This is a syndicated post from Daily Meditations with Fr. Alfonse. [Read the original article...]
Tuesday of the Twentieth Week In Ordinary Time
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Jesus said to his disciples: “Amen, I say to you, it will be hard for one who is rich to enter the Kingdom of heaven. Amen I say to you, it is easier for a camel to pass through the eye of an needle than for one who is rich to enter the Kingdom of God.”
The last shall be first. When the disciples heard this, they were greatly astonished and said, “Who then can be saved?” The Lord said to them, “For men this is impossible, but for God all things are possible.”
Everyone loves an underdog? Everyone loves a humble person. No one likes an arrogant and prideful person.
The atheist and zoologist Richard Dawkins has accomplished a feat typical of so many other atheists: He has managed to insult over one billion people. He recently tweeted the following:
The reaction against him was swift. Writer and Independent columnist Owen Jones responded: “How dare you dress your bigotry up as atheism. You are now beyond an embarrassment.”
The problem with this statement is that far too many atheists routinely dress their atheism with religious bigotry. They routinely mock and ridicule religion AND religious people. Now not all atheists are like this; but unfortunately, the most influential ones appear to be. After all, more people follow Richard Dawkin’s religious bigotry than Westboro Baptist Church’s anti-gay and anti-Catholic bigotry!
I think I have finally understood what G.K. Chesterton meant when he wrote: “If God did not exist, then atheists would not exist.” He meant that atheists need religion in order to give meaning to their cause; otherwise what would they talk about? What would they write about? Who would they mock?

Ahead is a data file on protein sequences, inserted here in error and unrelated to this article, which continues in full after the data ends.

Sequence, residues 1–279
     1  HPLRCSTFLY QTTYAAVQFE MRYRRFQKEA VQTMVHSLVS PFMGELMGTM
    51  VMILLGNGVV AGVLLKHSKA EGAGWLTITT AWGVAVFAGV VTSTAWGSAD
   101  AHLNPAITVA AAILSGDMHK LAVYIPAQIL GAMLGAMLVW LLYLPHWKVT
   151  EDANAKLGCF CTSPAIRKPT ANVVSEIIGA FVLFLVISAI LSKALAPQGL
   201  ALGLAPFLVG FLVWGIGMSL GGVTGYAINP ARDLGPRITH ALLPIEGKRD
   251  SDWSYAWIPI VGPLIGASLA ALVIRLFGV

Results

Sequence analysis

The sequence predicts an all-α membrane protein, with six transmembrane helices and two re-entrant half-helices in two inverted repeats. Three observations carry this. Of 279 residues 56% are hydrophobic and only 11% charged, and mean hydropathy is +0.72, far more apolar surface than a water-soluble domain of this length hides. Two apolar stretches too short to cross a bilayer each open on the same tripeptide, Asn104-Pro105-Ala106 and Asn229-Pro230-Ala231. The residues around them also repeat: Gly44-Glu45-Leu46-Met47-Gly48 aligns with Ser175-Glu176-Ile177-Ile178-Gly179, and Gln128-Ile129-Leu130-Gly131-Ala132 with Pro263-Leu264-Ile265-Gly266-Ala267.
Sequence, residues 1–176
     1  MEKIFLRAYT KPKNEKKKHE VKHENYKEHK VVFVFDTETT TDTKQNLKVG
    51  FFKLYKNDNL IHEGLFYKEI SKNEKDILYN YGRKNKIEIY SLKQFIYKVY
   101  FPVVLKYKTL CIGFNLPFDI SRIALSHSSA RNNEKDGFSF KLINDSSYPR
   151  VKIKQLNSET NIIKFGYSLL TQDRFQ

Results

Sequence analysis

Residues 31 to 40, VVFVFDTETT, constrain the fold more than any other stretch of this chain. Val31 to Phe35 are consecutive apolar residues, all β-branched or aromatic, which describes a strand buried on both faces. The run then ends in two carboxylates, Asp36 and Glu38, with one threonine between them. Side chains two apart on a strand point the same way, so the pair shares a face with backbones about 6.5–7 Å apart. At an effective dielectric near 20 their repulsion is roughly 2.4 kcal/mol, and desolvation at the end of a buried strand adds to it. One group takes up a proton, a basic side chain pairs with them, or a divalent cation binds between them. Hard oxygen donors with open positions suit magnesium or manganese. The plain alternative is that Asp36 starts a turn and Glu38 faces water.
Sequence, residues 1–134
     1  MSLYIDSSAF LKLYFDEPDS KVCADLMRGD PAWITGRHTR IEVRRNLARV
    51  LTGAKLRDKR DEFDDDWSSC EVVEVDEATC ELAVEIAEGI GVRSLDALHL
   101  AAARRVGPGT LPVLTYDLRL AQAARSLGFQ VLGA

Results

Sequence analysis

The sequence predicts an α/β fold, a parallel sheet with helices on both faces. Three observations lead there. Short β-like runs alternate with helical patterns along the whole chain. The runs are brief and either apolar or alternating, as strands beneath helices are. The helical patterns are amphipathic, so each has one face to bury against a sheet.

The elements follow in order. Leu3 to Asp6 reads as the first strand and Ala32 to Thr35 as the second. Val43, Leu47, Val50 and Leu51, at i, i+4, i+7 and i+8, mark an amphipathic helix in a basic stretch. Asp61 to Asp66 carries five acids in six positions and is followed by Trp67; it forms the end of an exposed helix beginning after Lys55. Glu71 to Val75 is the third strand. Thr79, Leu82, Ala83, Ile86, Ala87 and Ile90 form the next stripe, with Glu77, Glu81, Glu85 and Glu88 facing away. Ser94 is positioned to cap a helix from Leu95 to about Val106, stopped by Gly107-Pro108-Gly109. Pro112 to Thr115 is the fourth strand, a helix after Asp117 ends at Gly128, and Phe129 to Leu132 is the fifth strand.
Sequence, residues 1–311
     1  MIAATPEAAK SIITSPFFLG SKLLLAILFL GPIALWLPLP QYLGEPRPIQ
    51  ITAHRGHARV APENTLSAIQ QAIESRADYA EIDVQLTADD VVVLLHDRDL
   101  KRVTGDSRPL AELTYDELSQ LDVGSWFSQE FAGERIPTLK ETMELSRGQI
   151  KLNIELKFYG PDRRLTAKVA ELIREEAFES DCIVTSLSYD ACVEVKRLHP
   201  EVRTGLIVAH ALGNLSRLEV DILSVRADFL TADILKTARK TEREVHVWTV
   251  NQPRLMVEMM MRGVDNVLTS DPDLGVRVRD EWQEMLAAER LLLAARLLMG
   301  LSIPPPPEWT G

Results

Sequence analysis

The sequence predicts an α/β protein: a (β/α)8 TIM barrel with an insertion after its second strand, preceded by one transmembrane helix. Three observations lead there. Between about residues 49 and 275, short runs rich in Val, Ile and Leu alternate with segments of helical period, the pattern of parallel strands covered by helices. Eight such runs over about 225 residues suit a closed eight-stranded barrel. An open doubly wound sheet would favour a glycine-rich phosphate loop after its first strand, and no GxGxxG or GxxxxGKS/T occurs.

So although atheists cannot exist without religion, religious can exist perfectly fine with atheists. They can talk about their God and share their personal experiences with God. They can write about and explain their creed, their cult and their code of conduct.
Most of us know that atheists openly mock religion. What most of us don’t know is that they actually sell it. There’s one atheist company that prides itself (and sells its stuff) on mocking religion. Here are some fine examples:
“Science flies you to the moon…” Yes, it does. It also builds A-bombs and provides a delivery system for them to reach their destination.
Are you surprised? Notice also how careful they are in saying religion and not religious. That would make their hatred too obvious.
We know from recent history how mocking an entire group of people and placing them all in one category can easily lead to the hatred and genocide of an entire group of people.
Now not all atheists buy Richard Dawkin’s quotes, but let’s not forget that this highly intelligent, highly scientific, highly rational and well educated zoologist currently has nearly one million followers on his twitter account.
Wow…that’s scary! I thought education was suppose to eliminate bigotry and racism? My favorite atheist t-shirt reads: “I think, therefore, I’m an atheist.”
Richard Dawkins definitely thinks a lot about himself.
Now I’m no saint. And far too often I think too much about myself! I shouldn’t. I know better. And so all this makes me wonder: Does being ”intelligent” have the same effect as being “rich”? Does it go to our brains? Does it make us feel omnipotent? Does it make us feel superior towards others? Does it make us feel better about ourselves? Is it any different from being religiously self-righteous?
“Jesus became poor although he was rich…” (2Cor 8:9).
You have to wonder. (222)
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